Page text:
How to Best Measure PR Campaigns—Because It’s No Longer Optional

Home Uncategorized How to Best Measure PR Campaigns—Because It’s No Longer Optional

Gini DietrichIn my last post, I shared information on the components that make up a PR campaign. Setting measurable objectives was just a passing mention but measurement deserves a full post.

Before we dive into the “how”, let’s be clear—a myriad of industry leaders agree that measurement is no longer an option for public relations professionals. It’s a must!

Why should I measure?

Gini Dietrich, who you may know as the developer of the PESO Model, has said on many occasions to get over your fear of numbers!

Tina McCorkindale, Ph.D., APR, the President and CEO of the Institute for Public Relations (IPR) also an AMEC Academic Advisory Board member, has said we need to stop measuring just for the “purpose of proving our value” instead we “need to be more future-looking and purpose-driven… The time is now for the industry to embrace new technologies and methods.

Nicole Moreo, Ketchum SVP of Analytics and AMEC North American Chair has said, “Sometimes just putting out basic metrics can actually hurt your measurement program and not help management see the true ROI and efforts you are putting in.”

Alex Aiken, Executive Director for UK Government Communications, puts it tersely, “To not measure communications is lazy and shows a lack of pride in the work being done.”

If it’s not already clear enough why measurement (the right way) is so important, Wendy Marx, President of Marx Communications, summed up the numerous benefits of PR measurement on her blog:

  • Offers a better understanding of a PR campaign’s results
  • Shows the impact of your efforts across all your platforms
  • Allows you to compare the effectiveness of PR campaigns
  • Demonstrates investment value for your PR strategy
  • Allows PR professionals to prove their worth to an organization
  • Provides future direction

What you need

Let’s begin by recapping what you need in order to measure:

  • Understand your (or your client’s) key business objectives and how they align with your communications program.
  • Set SMART goals that align with your key business objectives. SMART stands for Specific, Measurable, Attainable, Results-focused, and Time-bound. *Note that Johna Burke, AMEC Global Managing Director, says you should be SMARTER, adding Ethical and Revolutionizing.
  • Comprehend strategies and tactics–understand the difference.
    • Strategy is the why: Why are you doing something?
    • Tactics are the how: How and what will do accomplish the goal, meet the objective and fulfill the strategy. How do they support your goals and objectives?
  • Assign KPIs (key performance indicators) that align with your strategies, tactics, and goals, which also align with your key business objectives.

Industry-leading measurement tools

In case you aren’t already aware, AMEC is the International Association for Measurement and Evaluation of Communication. It is the world’s largest media intelligence and insights professional organization, and currently has more than 160 members in 86 countries worldwide.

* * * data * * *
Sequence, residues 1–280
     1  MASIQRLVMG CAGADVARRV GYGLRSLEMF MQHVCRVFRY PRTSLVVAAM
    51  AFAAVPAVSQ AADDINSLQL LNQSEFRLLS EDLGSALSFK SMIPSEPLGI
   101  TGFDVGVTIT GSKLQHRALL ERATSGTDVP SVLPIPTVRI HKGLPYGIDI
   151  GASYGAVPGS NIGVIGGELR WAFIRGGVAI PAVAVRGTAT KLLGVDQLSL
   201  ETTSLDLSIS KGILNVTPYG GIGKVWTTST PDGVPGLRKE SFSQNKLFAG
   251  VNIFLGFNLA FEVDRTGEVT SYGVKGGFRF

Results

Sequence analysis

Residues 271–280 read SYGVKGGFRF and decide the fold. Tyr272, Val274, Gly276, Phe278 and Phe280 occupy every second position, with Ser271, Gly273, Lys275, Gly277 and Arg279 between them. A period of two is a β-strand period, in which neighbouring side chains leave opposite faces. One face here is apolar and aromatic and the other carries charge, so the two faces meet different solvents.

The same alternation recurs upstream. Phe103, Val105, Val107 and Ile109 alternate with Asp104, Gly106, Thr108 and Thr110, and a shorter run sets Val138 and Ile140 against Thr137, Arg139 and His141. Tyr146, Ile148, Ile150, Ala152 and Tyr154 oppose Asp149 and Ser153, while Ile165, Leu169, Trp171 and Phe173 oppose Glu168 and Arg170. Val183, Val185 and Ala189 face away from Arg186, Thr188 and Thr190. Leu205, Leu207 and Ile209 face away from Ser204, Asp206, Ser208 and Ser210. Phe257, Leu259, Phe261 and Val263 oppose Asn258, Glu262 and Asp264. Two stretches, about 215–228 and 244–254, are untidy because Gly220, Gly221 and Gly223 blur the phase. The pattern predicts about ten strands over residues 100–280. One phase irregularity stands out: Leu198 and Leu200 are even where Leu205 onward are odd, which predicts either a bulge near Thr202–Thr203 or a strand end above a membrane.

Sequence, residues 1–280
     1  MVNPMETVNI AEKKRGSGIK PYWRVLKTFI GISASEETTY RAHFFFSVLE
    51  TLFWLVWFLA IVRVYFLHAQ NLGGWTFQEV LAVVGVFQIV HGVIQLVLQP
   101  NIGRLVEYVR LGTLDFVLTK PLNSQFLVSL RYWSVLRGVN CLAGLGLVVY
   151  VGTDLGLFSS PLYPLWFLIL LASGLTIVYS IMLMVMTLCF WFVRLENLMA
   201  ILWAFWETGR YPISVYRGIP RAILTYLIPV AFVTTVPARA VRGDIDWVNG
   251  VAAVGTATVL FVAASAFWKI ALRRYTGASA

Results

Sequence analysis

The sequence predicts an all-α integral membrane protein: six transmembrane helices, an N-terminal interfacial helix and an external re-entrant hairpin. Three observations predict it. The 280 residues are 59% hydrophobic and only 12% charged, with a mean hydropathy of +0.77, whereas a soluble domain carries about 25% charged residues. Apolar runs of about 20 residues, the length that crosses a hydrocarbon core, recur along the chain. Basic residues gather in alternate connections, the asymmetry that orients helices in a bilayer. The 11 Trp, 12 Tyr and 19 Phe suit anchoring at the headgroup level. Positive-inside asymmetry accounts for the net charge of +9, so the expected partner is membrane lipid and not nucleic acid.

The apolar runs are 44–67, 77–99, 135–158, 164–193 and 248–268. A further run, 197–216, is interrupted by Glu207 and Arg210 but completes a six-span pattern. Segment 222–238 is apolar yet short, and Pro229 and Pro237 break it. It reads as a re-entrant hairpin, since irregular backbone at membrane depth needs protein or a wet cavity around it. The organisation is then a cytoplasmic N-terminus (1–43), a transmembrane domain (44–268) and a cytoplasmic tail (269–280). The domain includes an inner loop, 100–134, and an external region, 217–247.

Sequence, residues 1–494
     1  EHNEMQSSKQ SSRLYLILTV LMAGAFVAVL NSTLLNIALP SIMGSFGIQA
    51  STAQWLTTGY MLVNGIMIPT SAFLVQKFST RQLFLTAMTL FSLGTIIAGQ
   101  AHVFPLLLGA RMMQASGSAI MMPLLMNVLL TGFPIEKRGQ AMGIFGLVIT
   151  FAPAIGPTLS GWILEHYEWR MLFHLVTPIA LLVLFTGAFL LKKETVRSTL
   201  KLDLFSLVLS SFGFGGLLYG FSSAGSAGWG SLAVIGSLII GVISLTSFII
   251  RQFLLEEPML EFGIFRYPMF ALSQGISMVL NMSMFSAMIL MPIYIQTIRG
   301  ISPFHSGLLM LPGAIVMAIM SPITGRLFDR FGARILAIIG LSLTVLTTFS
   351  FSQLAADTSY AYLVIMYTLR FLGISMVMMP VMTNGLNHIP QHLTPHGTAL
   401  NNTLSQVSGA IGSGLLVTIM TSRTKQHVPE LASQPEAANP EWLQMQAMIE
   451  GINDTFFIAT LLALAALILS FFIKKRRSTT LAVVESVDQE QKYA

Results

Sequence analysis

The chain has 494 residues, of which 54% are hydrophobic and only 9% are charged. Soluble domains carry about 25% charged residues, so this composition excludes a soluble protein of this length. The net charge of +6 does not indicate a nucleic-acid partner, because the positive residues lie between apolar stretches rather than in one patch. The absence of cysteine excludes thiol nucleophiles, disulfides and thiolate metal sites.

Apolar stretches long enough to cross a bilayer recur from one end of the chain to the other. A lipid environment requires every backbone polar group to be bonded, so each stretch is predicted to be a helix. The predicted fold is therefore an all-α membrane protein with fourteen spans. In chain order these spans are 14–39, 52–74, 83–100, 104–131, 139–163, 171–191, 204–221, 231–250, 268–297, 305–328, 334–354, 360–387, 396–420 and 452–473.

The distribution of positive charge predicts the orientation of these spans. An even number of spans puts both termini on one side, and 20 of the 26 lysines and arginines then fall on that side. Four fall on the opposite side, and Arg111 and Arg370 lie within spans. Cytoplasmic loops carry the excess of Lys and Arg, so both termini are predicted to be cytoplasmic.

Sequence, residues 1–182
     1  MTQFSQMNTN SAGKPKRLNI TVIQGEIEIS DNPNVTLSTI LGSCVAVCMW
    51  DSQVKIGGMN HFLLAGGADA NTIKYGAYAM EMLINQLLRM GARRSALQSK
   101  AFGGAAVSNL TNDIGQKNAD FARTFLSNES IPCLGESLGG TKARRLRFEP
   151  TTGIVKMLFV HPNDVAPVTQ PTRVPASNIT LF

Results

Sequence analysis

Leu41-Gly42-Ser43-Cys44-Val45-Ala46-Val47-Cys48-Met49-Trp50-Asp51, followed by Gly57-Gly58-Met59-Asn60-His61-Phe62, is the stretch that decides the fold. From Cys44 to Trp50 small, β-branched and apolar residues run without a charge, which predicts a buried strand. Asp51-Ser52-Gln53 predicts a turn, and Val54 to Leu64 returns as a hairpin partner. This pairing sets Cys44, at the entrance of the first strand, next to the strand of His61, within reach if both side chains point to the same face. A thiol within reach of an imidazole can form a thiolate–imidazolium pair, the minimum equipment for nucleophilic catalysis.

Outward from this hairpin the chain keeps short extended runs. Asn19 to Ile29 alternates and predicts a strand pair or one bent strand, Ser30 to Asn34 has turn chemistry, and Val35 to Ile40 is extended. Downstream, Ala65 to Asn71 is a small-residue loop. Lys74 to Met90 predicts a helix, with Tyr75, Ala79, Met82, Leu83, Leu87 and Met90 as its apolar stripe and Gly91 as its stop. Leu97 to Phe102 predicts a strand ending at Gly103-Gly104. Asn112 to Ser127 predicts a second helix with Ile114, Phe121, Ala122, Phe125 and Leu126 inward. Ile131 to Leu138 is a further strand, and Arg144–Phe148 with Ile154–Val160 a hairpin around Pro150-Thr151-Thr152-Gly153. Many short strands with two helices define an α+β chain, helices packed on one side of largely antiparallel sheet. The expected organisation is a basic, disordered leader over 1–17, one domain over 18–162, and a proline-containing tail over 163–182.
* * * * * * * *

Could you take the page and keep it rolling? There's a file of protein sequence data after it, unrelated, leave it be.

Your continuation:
Burrelles is an AMEC member, and as such, endorses the Barcelona Principles and the Integrated Evaluation Framework (IEF).

Measuring communications campaigns isn’t easy—there is no magic bullet. However, the AMEC framework provides you with explanations and examples of each step, making it easier to identify the areas where you need input from other members of management, other teams and your own team. It points out you’ll also need:

  • Outputs: What you put out to your target audiences—these could be paid (advertising, sponsorships), earned (media volume and impressions), owned (web sites, partnerships, direct email), and shared (volume of social shares, posts, videos, etc.).
  • Outtakes: What the audience takes away from the outputs—what did they do after being exposed to your output? What action did they take—click through, subscribe, share, comment, etc.?
  • Outcomes: Impact of PR activity on the audience—was there a change in awareness, knowledge, attitude, opinion, behavior? What were your audience’s takeaways from your output?
  • Impact: Once this process is completed, you’ll have solid comprehensive data that you will then “use to tell the story of how the investment in PR and these communications activities all build to take consumers through the funnel and to your ultimate goal,” PR News Measurement Hall of Famer Marianne Eisenmann, explained during a past webinar that I reported on.

There are numerous resources available on the AMEC site, for example, a complete taxonomy of evaluation tailored to strategic public communication—in simple terms, it shows where things go and where they fit in relation to each other in the process.

As you go through your measurement journey, some key concepts to keep in mind are:

  • Embrace all data–even if it reveals poor results.
  • Use data as a tool for learning and course correcting.
  • Look beyond the numbers. Do not report data only!
  • Data without context is meaningless—tell the story using the data as support.

Where do I start?

And, finally, like many others, you may be unsure of where to begin with all of this. We highly recommend the AMEC Maturity Mapper (aka M3). This will help you understand where you currently are in your measurement and evaluation process (a benchmark) but will also help you map your next steps.

Now we would like to hear from you! Are you currently or planning to use analytics to measure your public relations efforts? How does this process compare to how you are doing it? Let us know in the comments.

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